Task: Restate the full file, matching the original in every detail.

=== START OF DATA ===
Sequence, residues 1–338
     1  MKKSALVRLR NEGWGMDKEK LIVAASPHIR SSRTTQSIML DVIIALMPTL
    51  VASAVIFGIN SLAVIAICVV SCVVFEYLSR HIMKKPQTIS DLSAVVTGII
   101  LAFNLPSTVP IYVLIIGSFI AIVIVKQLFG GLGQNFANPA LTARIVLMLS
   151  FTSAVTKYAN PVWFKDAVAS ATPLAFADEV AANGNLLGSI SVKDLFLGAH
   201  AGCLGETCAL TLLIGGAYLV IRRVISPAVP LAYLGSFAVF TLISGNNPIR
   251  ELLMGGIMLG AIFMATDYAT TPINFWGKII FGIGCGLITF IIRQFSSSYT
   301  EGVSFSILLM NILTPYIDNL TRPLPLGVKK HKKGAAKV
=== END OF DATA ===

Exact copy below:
Sequence, residues 1–338
     1  MKKSALVRLR NEGWGMDKEK LIVAASPHIR SSRTTQSIML DVIIALMPTL
    51  VASAVIFGIN SLAVIAICVV SCVVFEYLSR HIMKKPQTIS DLSAVVTGII
   101  LAFNLPSTVP IYVLIIGSFI AIVIVKQLFG GLGQNFANPA LTARIVLMLS
   151  FTSAVTKYAN PVWFKDAVAS ATPLAFADEV AANGNLLGSI SVKDLFLGAH
   201  AGCLGETCAL TLLIGGAYLV IRRVISPAVP LAYLGSFAVF TLISGNNPIR
   251  ELLMGGIMLG AIFMATDYAT TPINFWGKII FGIGCGLITF IIRQFSSSYT
   301  EGVSFSILLM NILTPYIDNL TRPLPLGVKK HKKGAAKV